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Benjamin Waterhouse Hawkins was a 19th century British artist and naturalist who significantly changed the way society thought about the world and its pre-human inhabitants. Hawkins drew worldwide attention in 1868 when he created the first mount of a dinosaur skeleton, Hadrosaurus foulkii, at The Academy of Natural Sciences in Philadelphia.
The museum remounted a cast of Hadrosaurus in November 2008 and in celebration of this event, the Academy published this the first full-length biography of Hawkins. The authors have divided All in the Bones into two complementary sections. Valerie Bramwell, the artist's great-great-great-granddaughter, focuses on the complex personal life and times of Hawkins, while Robert M. Peck, Curator of Art and Artifacts and Senior Fellow at the Academy, focuses on the artist's contributions to science and art.
One of the most versatile and prolific natural-history artists of the Victorian age, Hawkins (1807-1894) played a central role in the popularization of 19th-century science. His knowledge of comparative anatomy and versatility at painting enabled him to create beautiful and scientifically accurate illustrations of fish, reptiles, amphibians, birds, mammals, insects, and the fossils of long-extinct creatures for such important figures as Richard Owen, Charles Darwin and Thomas Henry Huxley early in his career.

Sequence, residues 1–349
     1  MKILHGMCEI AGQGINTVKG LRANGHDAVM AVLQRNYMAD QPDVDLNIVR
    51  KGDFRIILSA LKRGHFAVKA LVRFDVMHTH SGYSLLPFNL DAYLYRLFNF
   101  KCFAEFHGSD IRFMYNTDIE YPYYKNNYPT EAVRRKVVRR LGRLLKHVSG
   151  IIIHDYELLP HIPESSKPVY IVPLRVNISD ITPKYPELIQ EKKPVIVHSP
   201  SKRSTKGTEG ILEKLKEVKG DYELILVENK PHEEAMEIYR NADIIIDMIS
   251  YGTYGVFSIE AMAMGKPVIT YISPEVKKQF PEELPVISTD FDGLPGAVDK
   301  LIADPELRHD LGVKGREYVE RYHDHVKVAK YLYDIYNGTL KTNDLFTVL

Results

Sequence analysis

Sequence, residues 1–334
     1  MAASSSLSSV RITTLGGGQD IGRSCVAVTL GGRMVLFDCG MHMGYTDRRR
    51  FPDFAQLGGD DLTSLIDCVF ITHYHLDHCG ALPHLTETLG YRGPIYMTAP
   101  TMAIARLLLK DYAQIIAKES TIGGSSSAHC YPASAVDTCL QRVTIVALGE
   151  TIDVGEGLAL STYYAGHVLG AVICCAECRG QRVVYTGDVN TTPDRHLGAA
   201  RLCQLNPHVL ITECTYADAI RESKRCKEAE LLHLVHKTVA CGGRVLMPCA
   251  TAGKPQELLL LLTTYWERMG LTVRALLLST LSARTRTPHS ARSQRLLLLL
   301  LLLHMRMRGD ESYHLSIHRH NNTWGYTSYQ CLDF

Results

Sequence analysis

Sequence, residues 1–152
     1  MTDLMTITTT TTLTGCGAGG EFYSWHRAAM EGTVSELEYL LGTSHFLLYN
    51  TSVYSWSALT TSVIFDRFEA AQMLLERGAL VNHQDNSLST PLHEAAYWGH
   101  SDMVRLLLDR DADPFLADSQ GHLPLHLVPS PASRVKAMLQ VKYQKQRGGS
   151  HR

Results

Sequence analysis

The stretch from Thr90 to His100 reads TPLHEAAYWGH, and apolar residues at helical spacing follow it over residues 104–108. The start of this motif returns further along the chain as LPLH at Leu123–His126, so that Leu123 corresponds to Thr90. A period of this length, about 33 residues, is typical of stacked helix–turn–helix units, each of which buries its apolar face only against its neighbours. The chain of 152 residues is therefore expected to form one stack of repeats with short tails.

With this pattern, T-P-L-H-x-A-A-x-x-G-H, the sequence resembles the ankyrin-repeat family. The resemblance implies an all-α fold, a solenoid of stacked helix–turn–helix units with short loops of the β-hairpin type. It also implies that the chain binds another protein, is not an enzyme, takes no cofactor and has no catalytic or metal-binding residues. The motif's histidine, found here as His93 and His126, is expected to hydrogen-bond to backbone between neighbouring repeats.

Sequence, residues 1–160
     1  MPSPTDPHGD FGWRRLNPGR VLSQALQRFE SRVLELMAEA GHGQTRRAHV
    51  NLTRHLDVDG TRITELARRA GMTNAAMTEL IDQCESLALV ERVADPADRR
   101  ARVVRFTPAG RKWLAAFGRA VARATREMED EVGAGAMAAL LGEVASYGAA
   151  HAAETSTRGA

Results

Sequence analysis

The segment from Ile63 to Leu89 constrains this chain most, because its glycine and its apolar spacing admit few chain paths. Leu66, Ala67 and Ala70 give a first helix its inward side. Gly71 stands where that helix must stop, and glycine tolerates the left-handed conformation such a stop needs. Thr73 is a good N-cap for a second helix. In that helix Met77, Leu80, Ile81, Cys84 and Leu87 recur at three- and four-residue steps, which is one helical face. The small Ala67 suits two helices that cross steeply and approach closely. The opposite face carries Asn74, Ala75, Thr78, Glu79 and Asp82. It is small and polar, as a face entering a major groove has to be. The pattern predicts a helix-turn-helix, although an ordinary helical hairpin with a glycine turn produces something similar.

Hawkins went on to make the first life-size reconstructions of dinosaurs and other prehistoric creatures anywhere in the world. In 1854, his dinosaur sculptures at the Crystal Palace in Sydenham (South London) captured the attention of millions of people and introduced the world to "dinosauromania". In 1868, he wowed the world again by assembling the first reasonably complete dinosaur skeleton found anywhere in the world, Hadrosaurus foulkii, unearthed in Haddonfield, New Jersey, and displayed at the Academy.
All in the Bones points out that the articulated skeletons of dinosaurs and life-size models of how they may once have appeared are now so common in natural history museums that people take them for granted. But until Hawkins created such things in the second half of the 19th century, dinosaurs and their kin were little known, poorly understood, and of little interest to all but a handful of professional palaeontologists. Through a series of public displays in Great Britain and the U.S., Hawkins almost single-handedly ignited a popular interest in dinosaurs and other forms of prehistoric life that continues to the present day.
During his ten years in America (1868-1878), Hawkins designed exhibit halls for the Smithsonian Institution in Washington, D.C., and began to create an enormous paleontological museum for New York City. The museum was to have been in Central Park. It was destroyed in 1871 by William "Boss" Tweed, a corrupt politician, who felt that he wasn't adequately compensated for his patronage. Following the tragic loss of his studio at the hands of Tweed's vandals, Hawkins moved to Princeton, New Jersey, where he created a series of large oil paintings of prehistoric life for Princeton University.
All in the the Bones, is based on years of meticulous research in libraries, archives and museums in England and the U.S., including family papers, letters, sketchbooks and private records that have never been available to scholars before. All in the Bones also includes several appendices, including a detailed time-line of Hawkins' professional career.